Social media has created more demand for video content, and leadership at RBFCU saw the value in what the team was producing. So, they added a full studio environment to our campus. We now have a dedicated studio space with a green screen and separate recording booth so we can quickly do voiceover work. This has enabled us to generate relevant and timely content.
Want to watch a video produced by the RBFCU marketing team? Head on over to YouTube and browse the selection posted on the credit union’s YouTube channel.
What challenges have you faced with transitioning to this internal agency structure?
BL: Prior to our new structure, we couldn’t streamline projects and obtain internal approval before committing marketing resources. We can now. Of course, there will always be some requests that sneak through without proper approvals, but there are now fewer of them.
Also, marketers must develop thick skins and have honest conversations to address unnecessary rounds of changes that are not substantive. To be in the game today, content must be authentic, useful, and quickly available. The internal agency model helps us achieve this and auditable workflow software helps us keep it organized and moving forward.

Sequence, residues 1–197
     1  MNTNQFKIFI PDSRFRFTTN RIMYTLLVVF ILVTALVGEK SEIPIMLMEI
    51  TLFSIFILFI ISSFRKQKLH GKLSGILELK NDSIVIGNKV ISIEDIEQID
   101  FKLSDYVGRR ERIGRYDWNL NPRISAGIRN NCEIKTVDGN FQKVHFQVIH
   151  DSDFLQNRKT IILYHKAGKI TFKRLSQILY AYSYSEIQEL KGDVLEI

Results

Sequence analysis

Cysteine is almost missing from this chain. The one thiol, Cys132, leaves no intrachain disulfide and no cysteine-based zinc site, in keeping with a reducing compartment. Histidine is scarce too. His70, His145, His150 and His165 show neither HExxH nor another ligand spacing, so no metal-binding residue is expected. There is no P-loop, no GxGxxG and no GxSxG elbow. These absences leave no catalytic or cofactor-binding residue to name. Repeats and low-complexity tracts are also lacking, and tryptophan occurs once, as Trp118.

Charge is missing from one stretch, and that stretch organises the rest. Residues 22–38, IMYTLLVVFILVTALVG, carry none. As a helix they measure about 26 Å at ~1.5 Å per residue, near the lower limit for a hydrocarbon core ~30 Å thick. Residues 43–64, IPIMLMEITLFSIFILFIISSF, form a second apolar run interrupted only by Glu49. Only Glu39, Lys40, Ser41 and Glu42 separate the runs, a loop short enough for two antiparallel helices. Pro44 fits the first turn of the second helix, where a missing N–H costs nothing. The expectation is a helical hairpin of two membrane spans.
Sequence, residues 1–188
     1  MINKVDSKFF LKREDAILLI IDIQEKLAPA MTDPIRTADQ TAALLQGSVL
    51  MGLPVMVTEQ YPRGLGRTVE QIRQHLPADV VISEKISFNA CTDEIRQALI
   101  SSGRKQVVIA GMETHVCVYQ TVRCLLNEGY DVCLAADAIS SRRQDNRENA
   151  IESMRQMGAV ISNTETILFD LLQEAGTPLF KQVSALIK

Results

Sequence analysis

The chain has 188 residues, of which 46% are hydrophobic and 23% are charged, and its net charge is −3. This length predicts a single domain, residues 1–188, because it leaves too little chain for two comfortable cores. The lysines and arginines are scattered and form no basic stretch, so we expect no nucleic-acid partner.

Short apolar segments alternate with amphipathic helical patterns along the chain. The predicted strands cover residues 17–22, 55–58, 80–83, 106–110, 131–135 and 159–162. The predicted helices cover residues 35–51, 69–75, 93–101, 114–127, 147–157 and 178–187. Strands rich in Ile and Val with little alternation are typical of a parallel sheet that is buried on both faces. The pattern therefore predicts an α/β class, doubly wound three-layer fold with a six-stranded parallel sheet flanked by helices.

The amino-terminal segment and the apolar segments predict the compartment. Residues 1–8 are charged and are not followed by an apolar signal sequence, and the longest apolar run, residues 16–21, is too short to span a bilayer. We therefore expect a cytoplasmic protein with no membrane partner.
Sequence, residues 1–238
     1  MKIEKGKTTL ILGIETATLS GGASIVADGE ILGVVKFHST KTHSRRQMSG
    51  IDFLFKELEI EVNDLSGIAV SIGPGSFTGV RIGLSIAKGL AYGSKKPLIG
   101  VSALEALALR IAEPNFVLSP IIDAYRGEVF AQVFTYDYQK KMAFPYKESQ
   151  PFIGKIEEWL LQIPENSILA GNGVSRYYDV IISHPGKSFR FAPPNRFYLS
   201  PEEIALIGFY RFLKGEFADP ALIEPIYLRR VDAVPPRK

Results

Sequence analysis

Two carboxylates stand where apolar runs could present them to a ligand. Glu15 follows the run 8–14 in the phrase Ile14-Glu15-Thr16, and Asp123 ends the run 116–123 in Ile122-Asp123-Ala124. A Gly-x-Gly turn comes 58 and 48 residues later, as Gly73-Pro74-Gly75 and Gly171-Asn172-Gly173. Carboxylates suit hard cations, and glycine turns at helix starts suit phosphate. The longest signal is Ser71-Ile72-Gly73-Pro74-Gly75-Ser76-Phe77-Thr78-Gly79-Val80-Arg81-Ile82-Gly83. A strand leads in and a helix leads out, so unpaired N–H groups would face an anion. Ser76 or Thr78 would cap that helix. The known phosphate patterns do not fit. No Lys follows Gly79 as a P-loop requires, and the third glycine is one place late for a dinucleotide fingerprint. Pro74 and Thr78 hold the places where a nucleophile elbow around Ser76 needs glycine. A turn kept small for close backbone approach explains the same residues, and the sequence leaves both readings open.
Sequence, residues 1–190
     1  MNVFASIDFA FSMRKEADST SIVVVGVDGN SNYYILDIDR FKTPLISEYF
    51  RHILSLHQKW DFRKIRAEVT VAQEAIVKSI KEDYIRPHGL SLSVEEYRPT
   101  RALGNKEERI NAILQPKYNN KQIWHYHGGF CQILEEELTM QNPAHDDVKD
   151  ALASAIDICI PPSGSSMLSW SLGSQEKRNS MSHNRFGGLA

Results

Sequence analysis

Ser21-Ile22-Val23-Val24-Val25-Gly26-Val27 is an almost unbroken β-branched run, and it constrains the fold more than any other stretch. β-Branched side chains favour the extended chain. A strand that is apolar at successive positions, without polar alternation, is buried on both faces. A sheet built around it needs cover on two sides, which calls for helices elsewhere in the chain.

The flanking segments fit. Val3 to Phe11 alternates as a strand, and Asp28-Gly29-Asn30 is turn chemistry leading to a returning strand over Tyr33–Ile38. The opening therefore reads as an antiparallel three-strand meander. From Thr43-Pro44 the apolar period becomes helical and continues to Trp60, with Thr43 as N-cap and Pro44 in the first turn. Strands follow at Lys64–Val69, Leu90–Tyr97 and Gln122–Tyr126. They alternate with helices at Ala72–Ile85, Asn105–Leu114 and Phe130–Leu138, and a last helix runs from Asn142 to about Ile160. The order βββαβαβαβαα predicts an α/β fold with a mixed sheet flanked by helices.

How can smaller credit unions, that might not have the resources for an internal team, get the most from their agency partners?
BL: Whether you work with external or internal partners, share as much information as possible as early as possible. Educate external agencies on what a credit union is and continually emphasize that difference.
You can also maximize value by providing details about a challenge or promotion — including who, what, when, where, why, and how.
What are your future plans for the RBFCU marketing team?
BL: Our 2020 focus is all about process improvement. We have a process improvement team that will work collaboratively with us and bring a fresh set of eyes to our project workflow and project management, pushing us to ask: How can we identify opportunities to improve efficiency and evolve our project workflow?